Pope Benedict's letter to Chinese Catholics revisited in Hong Kong

Discussion comes at a time of differing opinions on Vatican-Beijing relations
Pope Benedict's letter to Chinese Catholics revisited in Hong Kong

The entrance procession of a Mass in Taiyuan Diocese in Shanxi province on April 20. In 2007, Pope Benedict wrote a pastoral letter to Chinese Catholics to provide "guidelines concerning the life of the church and the task of evangelization in China." (ucanews.com photo)

ucanews.com reporter, Hong Kong
China
May 11, 2017
Pope Benedict XVI's letter to Chinese Catholics in 2007 is as important today as it was 10 years ago, said speakers at a recent seminar in Hong Kong.

The pastoral letter should be reread as a reminder of what path the China Church should follow, speakers said. The May 7 seminar organized by the Justice and Peace Commission of the Hong Kong Diocese comes at a time when the opinions of leading Catholics in Hong Kong and Macau — bishops and laypeople — differ on how renewed links with the church in China should be managed.

All are agreed that there should be no compromise on state control of the church. However, some believe that a firm wall of resistance to any engagement with the Chinese government should be maintained while others seek discussion to resolve the issue of the appointment of bishops.  

Pope Benedict's letter was written to provide "guidelines concerning the life of the church and the task of evangelization in China." However, the letter received a hostile reception from the Chinese government and others in China largely due to the lack of consultation, its critics claim.

Hong Kong seminar speakers believed the letter to be one of the most important papal instructions to the China Church.

One seminar speaker, Cardinal Joseph Zen Ze-kiun, retired bishop of Hong Kong, said that the letter should be read seriously to closely understand its real message.

The pastoral letter deals with issues such as the Vatican's willingness to dialogue with China over church territorial jurisdictions, reconciliation within the China church, state agencies' control of church life, the different circumstances of Chinese bishops, and the pope's authority in appointing bishops.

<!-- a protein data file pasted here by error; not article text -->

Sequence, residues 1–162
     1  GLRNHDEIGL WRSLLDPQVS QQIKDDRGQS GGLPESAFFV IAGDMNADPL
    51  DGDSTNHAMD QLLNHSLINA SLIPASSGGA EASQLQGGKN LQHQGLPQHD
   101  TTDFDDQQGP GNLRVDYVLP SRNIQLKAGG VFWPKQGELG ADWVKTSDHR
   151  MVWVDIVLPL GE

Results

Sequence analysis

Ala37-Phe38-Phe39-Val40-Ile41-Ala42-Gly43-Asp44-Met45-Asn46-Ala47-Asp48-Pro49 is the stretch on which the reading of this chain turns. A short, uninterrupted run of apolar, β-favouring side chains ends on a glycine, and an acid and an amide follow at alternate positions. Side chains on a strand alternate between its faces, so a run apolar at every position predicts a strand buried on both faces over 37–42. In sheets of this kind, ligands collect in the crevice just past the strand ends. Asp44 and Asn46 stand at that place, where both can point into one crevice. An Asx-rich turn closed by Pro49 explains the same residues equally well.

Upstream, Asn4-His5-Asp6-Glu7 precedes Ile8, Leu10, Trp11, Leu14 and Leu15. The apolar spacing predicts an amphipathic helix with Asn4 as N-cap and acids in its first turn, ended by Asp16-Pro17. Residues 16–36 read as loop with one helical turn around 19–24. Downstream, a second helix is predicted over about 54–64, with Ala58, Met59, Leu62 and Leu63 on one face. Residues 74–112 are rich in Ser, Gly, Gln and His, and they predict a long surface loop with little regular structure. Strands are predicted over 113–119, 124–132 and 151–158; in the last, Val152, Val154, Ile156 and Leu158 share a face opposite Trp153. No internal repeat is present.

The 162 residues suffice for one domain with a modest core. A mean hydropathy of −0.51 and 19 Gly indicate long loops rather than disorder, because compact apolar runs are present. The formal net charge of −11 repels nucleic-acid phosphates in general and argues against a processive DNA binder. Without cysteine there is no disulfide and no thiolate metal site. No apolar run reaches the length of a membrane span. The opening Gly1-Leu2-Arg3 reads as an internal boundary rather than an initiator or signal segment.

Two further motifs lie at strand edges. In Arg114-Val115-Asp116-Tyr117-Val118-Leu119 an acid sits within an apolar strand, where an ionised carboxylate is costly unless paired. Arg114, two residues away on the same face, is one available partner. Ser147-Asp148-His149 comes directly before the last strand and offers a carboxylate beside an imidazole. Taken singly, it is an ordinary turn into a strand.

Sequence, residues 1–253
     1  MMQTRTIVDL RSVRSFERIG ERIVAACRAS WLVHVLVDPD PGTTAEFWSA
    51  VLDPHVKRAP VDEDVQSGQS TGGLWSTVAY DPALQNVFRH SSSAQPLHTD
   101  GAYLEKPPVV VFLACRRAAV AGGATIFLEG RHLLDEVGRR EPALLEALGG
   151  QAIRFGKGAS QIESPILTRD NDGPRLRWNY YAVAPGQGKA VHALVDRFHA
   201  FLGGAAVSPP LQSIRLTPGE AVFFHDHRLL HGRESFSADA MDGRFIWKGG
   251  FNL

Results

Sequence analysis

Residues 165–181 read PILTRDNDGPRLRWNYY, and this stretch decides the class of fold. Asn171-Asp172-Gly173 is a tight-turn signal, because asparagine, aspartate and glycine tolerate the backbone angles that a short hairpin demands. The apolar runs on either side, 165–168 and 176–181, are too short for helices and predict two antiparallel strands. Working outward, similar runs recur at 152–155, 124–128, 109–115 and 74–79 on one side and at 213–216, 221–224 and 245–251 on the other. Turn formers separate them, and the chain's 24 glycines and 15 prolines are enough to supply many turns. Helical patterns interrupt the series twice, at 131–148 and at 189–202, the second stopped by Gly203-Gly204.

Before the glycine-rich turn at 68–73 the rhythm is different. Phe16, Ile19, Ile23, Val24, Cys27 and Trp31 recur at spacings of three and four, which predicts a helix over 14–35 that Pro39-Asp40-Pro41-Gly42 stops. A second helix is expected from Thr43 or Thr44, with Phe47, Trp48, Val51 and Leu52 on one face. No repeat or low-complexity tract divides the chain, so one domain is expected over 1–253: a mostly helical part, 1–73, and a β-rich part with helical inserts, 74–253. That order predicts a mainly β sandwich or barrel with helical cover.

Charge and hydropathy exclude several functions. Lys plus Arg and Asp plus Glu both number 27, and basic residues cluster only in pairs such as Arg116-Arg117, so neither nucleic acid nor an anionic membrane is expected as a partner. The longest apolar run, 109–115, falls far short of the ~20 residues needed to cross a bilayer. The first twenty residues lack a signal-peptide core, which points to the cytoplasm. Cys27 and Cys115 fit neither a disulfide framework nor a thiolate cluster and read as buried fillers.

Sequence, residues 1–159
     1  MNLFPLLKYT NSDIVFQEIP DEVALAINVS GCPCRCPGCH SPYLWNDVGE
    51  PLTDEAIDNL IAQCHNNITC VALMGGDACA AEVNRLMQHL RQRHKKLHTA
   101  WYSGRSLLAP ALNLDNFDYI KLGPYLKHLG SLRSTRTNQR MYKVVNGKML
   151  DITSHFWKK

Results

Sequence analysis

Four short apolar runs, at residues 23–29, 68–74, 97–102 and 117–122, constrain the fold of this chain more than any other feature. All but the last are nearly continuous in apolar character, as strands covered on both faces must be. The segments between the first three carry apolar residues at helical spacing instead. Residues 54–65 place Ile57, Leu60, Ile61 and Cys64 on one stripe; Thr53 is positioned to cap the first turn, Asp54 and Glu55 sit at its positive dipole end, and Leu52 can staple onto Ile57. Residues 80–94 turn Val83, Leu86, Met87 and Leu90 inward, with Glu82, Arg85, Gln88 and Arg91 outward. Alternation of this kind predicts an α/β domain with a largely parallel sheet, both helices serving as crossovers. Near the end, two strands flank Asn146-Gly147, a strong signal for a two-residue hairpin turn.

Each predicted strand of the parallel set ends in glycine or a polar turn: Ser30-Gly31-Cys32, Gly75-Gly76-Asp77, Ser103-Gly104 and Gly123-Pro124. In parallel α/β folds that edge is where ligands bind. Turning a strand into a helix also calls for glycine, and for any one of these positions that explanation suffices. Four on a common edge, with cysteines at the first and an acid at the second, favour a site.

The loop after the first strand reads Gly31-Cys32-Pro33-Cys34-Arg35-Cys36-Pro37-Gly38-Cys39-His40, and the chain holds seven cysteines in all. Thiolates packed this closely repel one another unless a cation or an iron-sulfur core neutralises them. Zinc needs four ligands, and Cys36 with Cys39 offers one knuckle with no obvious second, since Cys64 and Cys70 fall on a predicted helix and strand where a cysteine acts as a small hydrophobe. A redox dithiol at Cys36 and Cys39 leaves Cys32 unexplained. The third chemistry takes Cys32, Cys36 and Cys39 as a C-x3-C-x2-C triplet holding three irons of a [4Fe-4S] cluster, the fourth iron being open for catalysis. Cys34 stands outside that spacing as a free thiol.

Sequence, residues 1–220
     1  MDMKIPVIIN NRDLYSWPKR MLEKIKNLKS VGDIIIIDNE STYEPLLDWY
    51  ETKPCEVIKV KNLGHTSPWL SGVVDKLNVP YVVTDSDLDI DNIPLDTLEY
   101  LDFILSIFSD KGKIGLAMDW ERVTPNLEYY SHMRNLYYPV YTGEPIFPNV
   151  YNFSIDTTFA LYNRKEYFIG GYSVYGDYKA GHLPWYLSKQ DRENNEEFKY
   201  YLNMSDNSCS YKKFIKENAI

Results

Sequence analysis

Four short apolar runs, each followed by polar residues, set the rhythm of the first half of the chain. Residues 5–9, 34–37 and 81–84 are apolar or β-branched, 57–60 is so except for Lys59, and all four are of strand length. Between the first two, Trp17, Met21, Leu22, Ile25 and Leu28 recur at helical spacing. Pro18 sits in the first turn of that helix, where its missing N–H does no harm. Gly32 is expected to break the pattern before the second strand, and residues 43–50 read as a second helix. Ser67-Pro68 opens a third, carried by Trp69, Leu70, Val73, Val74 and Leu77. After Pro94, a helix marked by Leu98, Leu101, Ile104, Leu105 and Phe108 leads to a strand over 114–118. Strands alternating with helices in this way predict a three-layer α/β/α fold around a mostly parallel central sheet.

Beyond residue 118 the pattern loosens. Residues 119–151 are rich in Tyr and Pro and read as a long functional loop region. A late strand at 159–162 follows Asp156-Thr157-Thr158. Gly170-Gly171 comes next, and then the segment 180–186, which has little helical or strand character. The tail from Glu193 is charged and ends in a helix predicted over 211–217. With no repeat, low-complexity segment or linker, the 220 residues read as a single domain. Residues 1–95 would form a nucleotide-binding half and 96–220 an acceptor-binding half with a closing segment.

It also contains guidelines for pastoral life, including concelebration of Mass with clergy in the government-sanctioned open community, and announces the end of special privileges given to the underground community since the 1980s that allowed bishops to ordain successors before getting Vatican approval in time of persecution.

Anthony Lam Sui-ki, executive secretary of the Holy Spirit Study Center of the Hong Kong Diocese, said rereading the letter has been the only open instruction from Pope Francis to the China Church.

Cardinal Zen said he was disappointed that the effectiveness of the letter was partly lost due to translation mistakes and different interpretations by certain church people with vested interests in China.

Even after the Vatican corrected those mistakes a year later, a misleading message has passed across China that it is fine for the underground community to join the open community that is controlled by the government through the Chinese Catholic Patriotic Association, said Cardinal Zen.

The letter irritated Beijing, which demanded the Vatican not to publish it.

"A copy was sent to Chinese bishops four days before the release and 10 days earlier for Beijing. But Beijing did not allow the Vatican to release the letter. A Vatican official told the Chinese officials that we are not asking for your approval. It was just courtesy to inform," said Cardinal Zen.

"It is obvious that up till now, the Chinese government still regards religion is something belongs to it," the cardinal said.

Observers say that the letter was not received well by the ruling communists because its stance on the state-run organizations such as the National Congress for the Catholic Representatives, the Chinese Catholic Patriotic Association and the Chinese bishops' conference which are run by the Chinese Communist Party.

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The Hong Kong seminar was held as the Vatican and Beijing conduct ongoing negotiations behind closed doors over the appointment of bishops in China.

The deal, long sought after by the Vatican, would be for Beijing to accept some 20 bishop candidates that the Vatican has appointed in recent years and more than 30 underground bishops that are not recognized by Beijing. In exchange, the Holy See will pardon seven China-appointed bishops that have no papal approval.

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